or adding the right base class.  It could be nice, however, if you 
could just have the decorator add in the mixin.

On the other hand, I can think of some folks who could complain that 
not including an explicit base or metaclass is likely to make code 
harder to debug or understand, especially if someone's not familiar 
with *all* the decorators in a body of code.

So we can probably live with that for the Trellis.  The 
trellis.Component mixin isn't in fact going to have a lot of stuff 
added to the class anyway; just a default __init__ method to handle 
keyword arguments, and a metaclass __call__ implementation that will 
make sure that any eager cell attributes are activated once __init__ 
has completely finished running.

So, I'm thinking that the idiom I have now of adding class decorators 
to check this, could be simplified a little by adding a class 
decoration function like ``class_requires(message, func, *args)``, 
that raises TypeError(message) unless func(cls, *args) returns 
true.  I could then use that in place of the custom code in 
Contextual, and Trellis needs it too.

The next pattern I find myself repeating is the need to process 
inherited metadata from a class' base classes, either by base order 
or MRO order (or the reverse), in order to figure out the combined 
metadata for the new class.  This usually involves a lot of private 
attributes rudely shoved into the class dictionaries, and a loop that 
peers into the base classes, looking for whether those attributes are there.

It would be a lot nicer to write code like:

     for base_aspect in CellMetadata.by_mro(cls):
         # combine some sort of metadata from the base_aspect object

Of course, there are some non-trivial problems to be solved 
here.  Unlike attributes, aspects can't be inherited (unless I make 
them able to be).

Second, at one of the times when we most want to use these class 
aspects, the class itself (including its bases, mro, etc.) doesn't 
exist yet!  So there has to be a way to access and set up the aspect 
before the class exists, then have it do any needed setup later.

However, the solution to the second problem also points to a way of 
solving the first.  If class aspects can be set up lazily, then we 
don't have to worry what happens with base classes not having an 
aspect, because we can simply create them as we go -- even for 
classes that never had the aspect to start with!

(For example, the 'object' class can't be decorated in any normal 
way, but an aspect can certainly be attached to it afterwards.)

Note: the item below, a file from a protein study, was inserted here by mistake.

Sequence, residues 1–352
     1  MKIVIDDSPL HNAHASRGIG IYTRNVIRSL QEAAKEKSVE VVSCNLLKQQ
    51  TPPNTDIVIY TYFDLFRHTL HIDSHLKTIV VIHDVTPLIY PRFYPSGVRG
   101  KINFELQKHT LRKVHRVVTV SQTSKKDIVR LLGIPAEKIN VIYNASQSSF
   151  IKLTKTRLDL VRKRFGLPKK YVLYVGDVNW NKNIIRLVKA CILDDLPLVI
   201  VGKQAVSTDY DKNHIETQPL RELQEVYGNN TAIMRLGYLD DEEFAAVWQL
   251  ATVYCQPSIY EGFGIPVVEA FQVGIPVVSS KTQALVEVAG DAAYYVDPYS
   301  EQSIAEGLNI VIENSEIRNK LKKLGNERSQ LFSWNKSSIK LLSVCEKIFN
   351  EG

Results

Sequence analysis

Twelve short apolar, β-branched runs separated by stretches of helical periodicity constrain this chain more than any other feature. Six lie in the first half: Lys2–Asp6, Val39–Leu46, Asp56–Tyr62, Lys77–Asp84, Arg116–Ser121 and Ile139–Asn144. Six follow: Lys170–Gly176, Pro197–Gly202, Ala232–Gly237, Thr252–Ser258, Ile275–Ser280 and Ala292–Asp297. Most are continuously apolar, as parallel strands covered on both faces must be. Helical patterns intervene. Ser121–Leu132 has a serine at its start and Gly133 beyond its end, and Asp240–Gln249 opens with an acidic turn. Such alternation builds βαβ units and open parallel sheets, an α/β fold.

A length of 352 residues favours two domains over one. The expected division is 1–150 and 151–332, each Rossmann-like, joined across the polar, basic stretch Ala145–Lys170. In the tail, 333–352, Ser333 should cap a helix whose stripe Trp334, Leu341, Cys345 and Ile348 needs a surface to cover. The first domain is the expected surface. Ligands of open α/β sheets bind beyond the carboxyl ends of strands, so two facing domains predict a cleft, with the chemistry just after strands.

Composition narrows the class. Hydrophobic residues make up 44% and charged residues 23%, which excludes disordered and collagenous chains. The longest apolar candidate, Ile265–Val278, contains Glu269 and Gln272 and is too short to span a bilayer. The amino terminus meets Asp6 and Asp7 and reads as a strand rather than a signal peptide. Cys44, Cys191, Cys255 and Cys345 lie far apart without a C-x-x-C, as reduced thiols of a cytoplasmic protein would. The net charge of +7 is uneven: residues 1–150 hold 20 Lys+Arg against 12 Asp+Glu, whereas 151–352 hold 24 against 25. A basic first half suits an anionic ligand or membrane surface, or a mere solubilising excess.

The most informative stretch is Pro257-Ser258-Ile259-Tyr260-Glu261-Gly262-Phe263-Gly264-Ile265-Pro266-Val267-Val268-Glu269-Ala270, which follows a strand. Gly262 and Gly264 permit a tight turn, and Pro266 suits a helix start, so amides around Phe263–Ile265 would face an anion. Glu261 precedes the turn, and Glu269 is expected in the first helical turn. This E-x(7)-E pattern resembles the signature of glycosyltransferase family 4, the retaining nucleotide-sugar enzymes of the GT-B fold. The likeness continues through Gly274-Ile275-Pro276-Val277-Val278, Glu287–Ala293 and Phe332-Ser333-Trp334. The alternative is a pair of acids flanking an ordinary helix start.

In order to implement this, class aspects will have to be looked up 
in a weakref-keyed dictionary, if they're not already in the class' 
dictionary.  (Because new-style class dictionaries can't be directly 
modified once the class exists.)  But, for pre-creation aspect 
access, one can create the aspect inside the class dictionary before 
the class exists, then add a class decorator to invoke the 
after-creation setup.

So, class aspects could have a method like 'setup_for_class(self, 
cls)', that would get called to allow the aspect to initialize 
itself, using any data it wants to from the class object.  It can 
also request aspects of the class' bases or mro, and those aspects 
can then lazily come into being -- and have *their* setup_for_class() 
methods called, if need be.

So, instead of the pattern I use now, where I have to loop over base 
class info and fill in the metadata gaps for classes without it 
(which can be tricky at times), I can instead just let every base 
have an aspect with appropriate registry attributes, each of which 
knows just how to assemble itself from its nearby bases, or its whole 
mro if need be.

Yep, that sounds about right.  Boy I wish I'd had this idea of 
aspects, and especially class aspects, when I was writing the PEAK 
core a zillion years ago when Python *2.2* was the latest and 
greatest.  I would never have created all those special attributes 
like __objectsToBeAssembled__ and __class_offers__ and so on.  But 
then, if I'd had Contextual and the Trellis back then, I wouldn't 
have needed to write a good chunk of the PEAK core in the first place.  :)

So, once I have aspects moved from PEAK-Rules to DecoratorTools, and 
add these new "class aspect" things, I'll be able to start on the 
Trellis class-level API, so you can declare the rules and default 
values and whatnot.

I'll start on that tomorrow.